“He was a great owner and is terribly missed,” Bettman said.

More Olympic issues  
IOC President Thomas Bach and IIHF President Rene Fasel have gone on record they want to end paying the out-of-pocket expenses for NHL players to attend the Olympics.
 
That’s a non-starter for the NHL if both organizations want participation of the NHL's players at the 2018 Winter Olympics in South Korea. The practice of subsidy has been in effect for the past five Winter Olympics.
 
“If they are unable to resolve the issue, I have no doubt it will have an impact on our decision,” Bettman said, adding the NHL would have to take a hard look at continued Olympic participation since its member clubs aren’t interested in putting up the “many, many millions” it would take to make up the financial gap.
 
Whenever there is change in the IOC leadership, Bettman said, there are always discussions of whether some sports, such as hockey, should receive subsidies.

P.J. Carlesimo turns down Sixers' associate head coach job for 'family reasons'

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P.J. Carlesimo turns down Sixers' associate head coach job for 'family reasons'

Thirty-five years is more than enough time to get a sense of who a person is and how they do their job. That is how long Brett Brown has known P.J. Carlesimo, which made it easy for the Sixers' head coach to have interest in adding him to the staff. 

With Mike D’Antoni leaving to coach the Rockets, the Sixers had a vacancy at the associate head coach position. On Sunday, though, Carlesimo decided not to join the Sixers’ staff and remain a television analyst.

“He was a natural fit for me,” Brown said Monday following a pre-draft workout. “For family reasons, he just couldn’t do it. We talked a lot and it was an emotional thing from P.J.’s perspective. 

“P.J. is a very close friend of mine and he made that decision for family reasons and I understand it. The phone call really didn’t surprise me knowing what I know of him and how he views his family, having to travel across the country the whole time.”

Like D’Antoni, Carlesimo has a lengthy résumé on the NBA sidelines. He was a head coach for parts of nine seasons and worked five as an assistant coach. Brown called working with D’Antoni “a real learning experience,” and an ideal candidate would have similar experience to help both the staff and the young roster.

“That role will be filled with maybe that type of flavor,” Brown said. “I know this, we are still in a complete development mode. We still have a bunch of 20 year olds, guys that could be with us for a long time, but they’re not old, that we have to make sure that the city and me, we remember that. We still need people and teachers that can teach and coach and establish relationships. 

“So you tick boxes on relationships, teaching, development, those still rule the day. If you can do that with some veteran wisdom and some type of experiences like Mike’s, say, or P.J. had, well then you’re really knocking it out of the park.”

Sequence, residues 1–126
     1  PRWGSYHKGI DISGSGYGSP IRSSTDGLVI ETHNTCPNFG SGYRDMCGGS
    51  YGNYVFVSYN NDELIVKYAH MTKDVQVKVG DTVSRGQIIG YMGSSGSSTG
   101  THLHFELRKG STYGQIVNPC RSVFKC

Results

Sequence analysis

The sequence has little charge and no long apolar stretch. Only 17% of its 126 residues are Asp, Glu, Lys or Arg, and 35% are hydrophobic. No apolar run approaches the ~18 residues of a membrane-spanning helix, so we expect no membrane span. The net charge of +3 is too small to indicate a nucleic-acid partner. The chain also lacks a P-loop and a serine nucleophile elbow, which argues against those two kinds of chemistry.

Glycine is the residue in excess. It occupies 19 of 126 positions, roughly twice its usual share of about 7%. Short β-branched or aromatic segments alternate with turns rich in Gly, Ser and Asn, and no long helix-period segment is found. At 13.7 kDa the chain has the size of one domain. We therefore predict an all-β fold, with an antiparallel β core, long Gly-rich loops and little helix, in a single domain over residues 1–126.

Coaching vacancies are coveted at this level. With the No. 1 pick in the draft, a revamped front office, and a 125,000-square foot training facility under construction, the Sixers have enhanced the appeal of the role. 

"My phone is very active, as you can imagine," Brown said. "I think it’s a highly attractive position. … Like our draft picks, I too spend a lot of time studying who will be the best fit for me and our program."

Tonight's Lineup: Ryan Howard (surprisingly) starts at 1B

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Tonight's Lineup: Ryan Howard (surprisingly) starts at 1B

So much for trimming Ryan Howard's playing time.

One day after Phillies manager Pete Mackanin said he plans on giving 24-year-old Tommy Joseph more starts against right-handed pitchers, Mackanin flipped the switch Monday.

Howard is penciled in as the starting first baseman for the Phils' series-opener against the Nationals on Monday night at Citizens Bank Park against Tanner Roark (3-4, 2.71).

After the Phillies were clobbered by the MLB-best Chicago Cubs on Sunday — and the weekend, really — Mackanin said the Phils have to get a longer look at Joseph.

"We brought up Joseph up here for a reason, to get a look at him," the manager said after the Phillies' 7-2 on Sunday afternoon (see story). "I can't let him stagnate on the bench like (Darin) Ruf ended up doing, so he's going to face some right-handed pitchers to keep his timing."

Joseph will have to wait another day to get in the lineup. To be fair, Joseph did face five righties last week, but three of those came with the designated hitter in play.

For Howard, however, the club icon is in a major rut that has had many outsiders calling for him to retire or for the team to release him. He's hitting .154 with eight home runs and 18 RBIs in 136 at-bats and is 6 for 62 (.097) with 25 strikeouts in May.

Here's the silver lining, however. Howard is a career .333 hitter in 12 at-bats against Roark, who he's taken deep once and has six RBIs against.

The Phillies turn to Jeremy Hellickson (4-3, 3.97) to snap their three-game skid. He's faced the Nationals twice this season, allowing six — five earned — runs over 10⅓ innings.

Here is the Phillies' full lineup:

Phillies
1. Odubel Herrera, CF
2. Freddy Galvis, SS
3. Maikel Franco, 3B
4. Ryan Howard, 1B
5. Carlos Ruiz, C
6. Cesar Hernandez, 2B
7. Tyler Goeddel, LF
8. Jeremy Hellickson, P
9. Peter Bourjos, RF

For more on tonight's game, check out Steven Tyding's game notes.